Democrat Stacey Abrams made the Sunday talk show rounds on Sunday to sharpen her criticism of Secretary of State Brian Kemp’s oversight of Georgia’s elections.
On CNN’s “State of the Union” and NBC’s “Meet the Press,” the Democratic candidate for governor said her Republican rival’s handling of voter registrations that were put on hold is part of a “pattern of behavior to try to tilt the playing field in his favor.”
“When something goes well he takes credit, but when there’s a problem he blames everyone else. Voting should not be a question of trust,” she said on CNN, adding: “And right now he’s eroding the public trust in the system.”
More than 50,000 voter registrations were put on hold because election officials couldn’t verify information submitted with their registration applications. Potential voters can still participate in this year’s elections if they show photo ID either when they go to vote or beforehand.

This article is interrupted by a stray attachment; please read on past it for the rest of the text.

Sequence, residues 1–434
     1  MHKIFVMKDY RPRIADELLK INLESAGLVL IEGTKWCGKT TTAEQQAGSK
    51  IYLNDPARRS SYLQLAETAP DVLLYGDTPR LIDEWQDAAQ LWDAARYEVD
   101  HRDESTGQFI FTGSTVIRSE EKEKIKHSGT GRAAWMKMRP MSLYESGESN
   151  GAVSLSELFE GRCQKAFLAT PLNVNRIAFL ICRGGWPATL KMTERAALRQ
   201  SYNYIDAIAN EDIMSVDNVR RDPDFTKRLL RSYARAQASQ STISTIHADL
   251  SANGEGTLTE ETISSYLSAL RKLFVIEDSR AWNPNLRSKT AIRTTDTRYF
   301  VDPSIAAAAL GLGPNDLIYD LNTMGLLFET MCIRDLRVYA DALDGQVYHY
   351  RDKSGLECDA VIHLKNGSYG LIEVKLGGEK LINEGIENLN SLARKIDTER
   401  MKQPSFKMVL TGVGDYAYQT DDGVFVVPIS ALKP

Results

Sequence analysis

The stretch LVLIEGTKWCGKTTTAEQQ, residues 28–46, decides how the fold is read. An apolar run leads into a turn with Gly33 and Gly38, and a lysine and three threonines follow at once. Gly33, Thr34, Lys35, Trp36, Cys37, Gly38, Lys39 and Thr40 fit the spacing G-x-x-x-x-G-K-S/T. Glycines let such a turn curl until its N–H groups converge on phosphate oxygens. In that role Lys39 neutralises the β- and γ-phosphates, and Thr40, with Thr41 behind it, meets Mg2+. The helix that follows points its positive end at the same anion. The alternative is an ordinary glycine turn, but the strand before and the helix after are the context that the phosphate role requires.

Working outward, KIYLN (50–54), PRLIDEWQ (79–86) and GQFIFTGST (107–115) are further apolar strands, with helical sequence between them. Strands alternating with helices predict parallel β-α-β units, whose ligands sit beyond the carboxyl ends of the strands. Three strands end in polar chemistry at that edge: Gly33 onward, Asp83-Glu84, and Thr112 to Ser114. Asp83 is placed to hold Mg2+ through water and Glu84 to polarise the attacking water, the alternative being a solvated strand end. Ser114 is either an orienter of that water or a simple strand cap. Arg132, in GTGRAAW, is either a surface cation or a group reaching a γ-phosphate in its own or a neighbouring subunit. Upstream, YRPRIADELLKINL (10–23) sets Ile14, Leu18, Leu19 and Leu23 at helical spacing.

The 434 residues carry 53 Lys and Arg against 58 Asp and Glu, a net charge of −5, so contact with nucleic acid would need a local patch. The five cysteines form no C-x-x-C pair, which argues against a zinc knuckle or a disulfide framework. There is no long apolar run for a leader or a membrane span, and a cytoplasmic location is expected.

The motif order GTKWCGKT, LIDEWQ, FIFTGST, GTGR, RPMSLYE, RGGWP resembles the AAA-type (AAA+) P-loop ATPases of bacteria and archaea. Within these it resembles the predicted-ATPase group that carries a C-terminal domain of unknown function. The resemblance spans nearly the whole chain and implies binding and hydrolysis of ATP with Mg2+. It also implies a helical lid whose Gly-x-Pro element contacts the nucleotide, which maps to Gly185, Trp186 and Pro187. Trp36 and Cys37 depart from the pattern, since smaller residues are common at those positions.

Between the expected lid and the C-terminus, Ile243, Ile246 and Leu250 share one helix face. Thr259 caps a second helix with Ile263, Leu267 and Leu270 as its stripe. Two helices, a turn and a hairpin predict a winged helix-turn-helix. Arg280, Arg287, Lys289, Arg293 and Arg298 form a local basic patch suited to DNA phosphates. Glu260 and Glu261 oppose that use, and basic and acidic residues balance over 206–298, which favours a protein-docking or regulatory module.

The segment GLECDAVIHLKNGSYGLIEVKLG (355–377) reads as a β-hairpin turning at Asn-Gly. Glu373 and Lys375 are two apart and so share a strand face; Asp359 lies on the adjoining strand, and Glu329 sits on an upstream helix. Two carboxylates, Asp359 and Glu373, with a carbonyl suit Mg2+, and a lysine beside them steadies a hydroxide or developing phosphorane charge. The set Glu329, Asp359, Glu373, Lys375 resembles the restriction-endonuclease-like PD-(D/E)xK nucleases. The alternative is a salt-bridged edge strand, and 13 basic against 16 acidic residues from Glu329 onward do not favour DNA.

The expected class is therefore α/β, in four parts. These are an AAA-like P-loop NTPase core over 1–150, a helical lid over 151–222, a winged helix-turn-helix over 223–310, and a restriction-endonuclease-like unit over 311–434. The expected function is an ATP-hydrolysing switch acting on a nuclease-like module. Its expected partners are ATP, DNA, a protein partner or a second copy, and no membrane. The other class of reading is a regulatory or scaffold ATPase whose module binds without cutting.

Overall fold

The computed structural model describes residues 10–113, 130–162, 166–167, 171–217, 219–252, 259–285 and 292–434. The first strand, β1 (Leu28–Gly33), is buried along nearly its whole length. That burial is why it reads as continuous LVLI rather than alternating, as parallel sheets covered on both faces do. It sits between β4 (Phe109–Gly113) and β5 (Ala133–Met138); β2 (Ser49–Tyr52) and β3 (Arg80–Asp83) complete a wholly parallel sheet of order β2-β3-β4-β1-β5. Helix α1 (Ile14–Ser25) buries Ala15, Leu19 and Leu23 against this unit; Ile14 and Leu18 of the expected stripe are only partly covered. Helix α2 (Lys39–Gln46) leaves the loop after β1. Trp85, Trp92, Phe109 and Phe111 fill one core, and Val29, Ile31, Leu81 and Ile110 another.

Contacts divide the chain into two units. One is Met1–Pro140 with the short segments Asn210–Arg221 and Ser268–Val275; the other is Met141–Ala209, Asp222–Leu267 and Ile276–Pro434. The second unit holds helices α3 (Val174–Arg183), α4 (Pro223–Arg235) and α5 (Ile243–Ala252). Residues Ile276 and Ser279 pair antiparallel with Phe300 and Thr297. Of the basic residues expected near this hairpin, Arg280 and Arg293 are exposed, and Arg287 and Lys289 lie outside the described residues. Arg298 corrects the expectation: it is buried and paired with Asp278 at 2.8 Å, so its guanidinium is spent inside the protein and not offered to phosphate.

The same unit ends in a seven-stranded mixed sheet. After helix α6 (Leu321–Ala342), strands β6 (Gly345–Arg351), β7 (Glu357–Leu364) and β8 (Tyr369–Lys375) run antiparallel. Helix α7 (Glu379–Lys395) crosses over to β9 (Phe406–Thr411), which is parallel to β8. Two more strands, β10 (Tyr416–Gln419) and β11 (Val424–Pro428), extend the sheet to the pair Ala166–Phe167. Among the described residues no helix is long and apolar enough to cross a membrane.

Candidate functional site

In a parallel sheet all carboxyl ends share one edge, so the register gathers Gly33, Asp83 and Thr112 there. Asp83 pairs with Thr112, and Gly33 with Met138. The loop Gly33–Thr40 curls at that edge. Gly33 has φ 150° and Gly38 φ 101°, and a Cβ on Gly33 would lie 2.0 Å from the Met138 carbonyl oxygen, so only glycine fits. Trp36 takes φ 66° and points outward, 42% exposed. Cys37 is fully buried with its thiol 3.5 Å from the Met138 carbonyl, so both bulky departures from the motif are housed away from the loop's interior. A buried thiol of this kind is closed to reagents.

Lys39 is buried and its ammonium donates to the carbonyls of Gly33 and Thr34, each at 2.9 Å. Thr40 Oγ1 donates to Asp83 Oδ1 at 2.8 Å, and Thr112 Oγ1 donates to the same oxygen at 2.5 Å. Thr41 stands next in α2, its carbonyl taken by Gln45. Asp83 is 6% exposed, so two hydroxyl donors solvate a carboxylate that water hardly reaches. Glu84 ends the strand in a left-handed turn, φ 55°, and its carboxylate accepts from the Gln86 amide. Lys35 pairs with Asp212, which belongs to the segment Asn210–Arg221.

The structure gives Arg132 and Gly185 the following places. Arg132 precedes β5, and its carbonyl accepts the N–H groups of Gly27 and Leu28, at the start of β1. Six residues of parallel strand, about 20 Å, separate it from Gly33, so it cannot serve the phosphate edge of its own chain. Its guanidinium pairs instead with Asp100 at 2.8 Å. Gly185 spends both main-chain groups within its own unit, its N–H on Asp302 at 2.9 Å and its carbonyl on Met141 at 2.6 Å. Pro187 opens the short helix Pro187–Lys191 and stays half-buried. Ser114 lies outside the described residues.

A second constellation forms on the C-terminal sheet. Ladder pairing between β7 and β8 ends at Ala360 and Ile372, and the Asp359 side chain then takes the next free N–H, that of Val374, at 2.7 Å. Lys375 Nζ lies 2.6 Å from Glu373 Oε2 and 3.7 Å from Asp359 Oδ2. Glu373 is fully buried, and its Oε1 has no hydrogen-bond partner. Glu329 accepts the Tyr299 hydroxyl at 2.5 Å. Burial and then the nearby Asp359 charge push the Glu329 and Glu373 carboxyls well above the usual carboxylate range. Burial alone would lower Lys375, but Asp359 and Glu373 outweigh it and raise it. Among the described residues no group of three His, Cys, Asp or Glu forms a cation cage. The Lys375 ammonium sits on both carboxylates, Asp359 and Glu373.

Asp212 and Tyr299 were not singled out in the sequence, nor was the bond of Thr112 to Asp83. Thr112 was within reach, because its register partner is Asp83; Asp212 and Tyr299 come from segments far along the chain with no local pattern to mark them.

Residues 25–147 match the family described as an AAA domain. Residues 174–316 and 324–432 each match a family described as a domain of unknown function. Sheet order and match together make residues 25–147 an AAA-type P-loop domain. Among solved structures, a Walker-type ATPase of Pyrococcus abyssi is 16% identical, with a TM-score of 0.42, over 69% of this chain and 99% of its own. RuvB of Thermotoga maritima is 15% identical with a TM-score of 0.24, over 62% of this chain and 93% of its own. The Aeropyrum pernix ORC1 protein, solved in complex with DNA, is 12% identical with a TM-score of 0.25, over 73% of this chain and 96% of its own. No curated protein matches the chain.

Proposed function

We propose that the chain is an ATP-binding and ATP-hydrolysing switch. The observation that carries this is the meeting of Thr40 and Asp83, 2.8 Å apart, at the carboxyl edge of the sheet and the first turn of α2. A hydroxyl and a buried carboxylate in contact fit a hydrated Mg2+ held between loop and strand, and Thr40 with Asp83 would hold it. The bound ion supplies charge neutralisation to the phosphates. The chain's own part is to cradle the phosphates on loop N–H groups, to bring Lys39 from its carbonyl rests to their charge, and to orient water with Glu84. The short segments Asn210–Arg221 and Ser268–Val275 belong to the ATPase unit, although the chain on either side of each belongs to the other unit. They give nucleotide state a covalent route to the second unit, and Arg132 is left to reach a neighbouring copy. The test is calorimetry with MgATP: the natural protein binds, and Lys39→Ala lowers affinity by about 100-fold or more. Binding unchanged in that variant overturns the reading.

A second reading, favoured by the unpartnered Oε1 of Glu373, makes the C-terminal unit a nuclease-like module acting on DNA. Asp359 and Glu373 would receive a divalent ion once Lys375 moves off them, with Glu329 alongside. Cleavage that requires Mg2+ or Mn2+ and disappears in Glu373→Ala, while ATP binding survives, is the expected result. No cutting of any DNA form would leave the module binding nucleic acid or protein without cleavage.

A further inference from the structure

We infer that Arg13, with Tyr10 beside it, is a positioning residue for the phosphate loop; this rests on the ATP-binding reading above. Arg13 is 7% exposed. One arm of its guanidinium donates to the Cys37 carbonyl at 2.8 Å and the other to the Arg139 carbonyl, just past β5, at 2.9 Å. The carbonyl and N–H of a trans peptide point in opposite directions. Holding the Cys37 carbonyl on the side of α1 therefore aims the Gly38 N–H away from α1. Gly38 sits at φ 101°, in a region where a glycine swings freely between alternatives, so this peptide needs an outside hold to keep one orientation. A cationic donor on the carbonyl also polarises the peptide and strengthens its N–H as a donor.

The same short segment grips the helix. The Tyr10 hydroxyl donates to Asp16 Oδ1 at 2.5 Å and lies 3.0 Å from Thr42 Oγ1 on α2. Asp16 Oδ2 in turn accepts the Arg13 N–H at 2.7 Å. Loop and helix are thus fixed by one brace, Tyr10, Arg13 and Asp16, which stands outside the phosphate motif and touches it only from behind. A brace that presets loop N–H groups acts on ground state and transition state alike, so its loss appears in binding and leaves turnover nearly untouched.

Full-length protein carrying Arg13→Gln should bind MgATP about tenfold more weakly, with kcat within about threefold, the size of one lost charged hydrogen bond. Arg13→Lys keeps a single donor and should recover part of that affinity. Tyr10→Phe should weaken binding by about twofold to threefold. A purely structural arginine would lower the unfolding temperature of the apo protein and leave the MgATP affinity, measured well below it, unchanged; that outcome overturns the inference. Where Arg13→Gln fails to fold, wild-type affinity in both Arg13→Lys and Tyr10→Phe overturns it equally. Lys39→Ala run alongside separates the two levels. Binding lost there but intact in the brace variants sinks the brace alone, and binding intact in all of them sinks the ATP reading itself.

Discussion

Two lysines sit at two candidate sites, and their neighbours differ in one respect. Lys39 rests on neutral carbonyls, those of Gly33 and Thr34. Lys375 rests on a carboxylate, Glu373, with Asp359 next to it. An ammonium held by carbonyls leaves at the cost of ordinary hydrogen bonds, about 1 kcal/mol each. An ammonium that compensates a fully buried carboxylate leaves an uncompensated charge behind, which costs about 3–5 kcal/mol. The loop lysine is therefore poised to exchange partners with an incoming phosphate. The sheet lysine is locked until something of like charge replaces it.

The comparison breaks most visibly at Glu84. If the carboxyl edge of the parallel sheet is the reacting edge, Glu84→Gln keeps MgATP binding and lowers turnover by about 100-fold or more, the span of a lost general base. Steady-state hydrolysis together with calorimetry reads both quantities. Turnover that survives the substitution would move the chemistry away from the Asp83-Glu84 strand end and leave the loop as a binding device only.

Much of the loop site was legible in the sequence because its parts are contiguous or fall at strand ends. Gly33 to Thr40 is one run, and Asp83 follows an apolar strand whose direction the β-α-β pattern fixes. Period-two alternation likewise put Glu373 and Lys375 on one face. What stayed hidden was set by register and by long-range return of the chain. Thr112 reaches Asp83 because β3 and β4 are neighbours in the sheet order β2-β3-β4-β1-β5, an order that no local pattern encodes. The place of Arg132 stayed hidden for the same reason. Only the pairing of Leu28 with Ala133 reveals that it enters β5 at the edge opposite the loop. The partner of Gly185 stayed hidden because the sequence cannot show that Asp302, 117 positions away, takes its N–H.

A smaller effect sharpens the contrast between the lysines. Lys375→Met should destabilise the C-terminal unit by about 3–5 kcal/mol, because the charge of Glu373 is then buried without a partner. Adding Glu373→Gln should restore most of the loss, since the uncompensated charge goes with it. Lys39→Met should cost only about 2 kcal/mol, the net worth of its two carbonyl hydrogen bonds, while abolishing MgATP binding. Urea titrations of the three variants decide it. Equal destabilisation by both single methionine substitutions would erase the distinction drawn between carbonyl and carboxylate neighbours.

Kemp has long refused to step down from the post, pointing to others who stayed in the job while running for higher office. He’s accused Abrams of trying to gin up a “manufactured crisis” over his compliance with a 2017 law that requires voter registration information to match official records.
She was also pressed on her response to former U.S. Attorney General Eric Holder’s assertion, at an Abrams campaign office, that when Republicans “go low, we kick them.” Abrams told CNN’s Jake Tapper that “hyperbole in elections can be very difficult” and endorsed a different sort of strategy.
“I believe that the best approach for Democrats is to vote, to be engaged in our body politic, and to do the work to get people to turn out and to recreate our electorate to truly reflect the diversity of the state,” she said.
She was also featured prominently on Fox News – though not as a guest.
The Fox & Friends programs played a clip of her talking about the “blue wave” that Democrats will help fuel November victories. She said that movement includes "those who are told they’re not worthy of being here. It’s comprised of the documented and undocumented.”
That earned her eye-rolls from the hosts, who blasted her for suggesting that undocumented immigrants would cast ballots in the midterms.
“We’re in an upside-down world now,” said one.
Kemp has said there is no possibility of illegal votes in Georgia because the state passed one of the nation’s first voter ID laws in 2005.
Read more recent AJC coverage of the Georgia race for governor:
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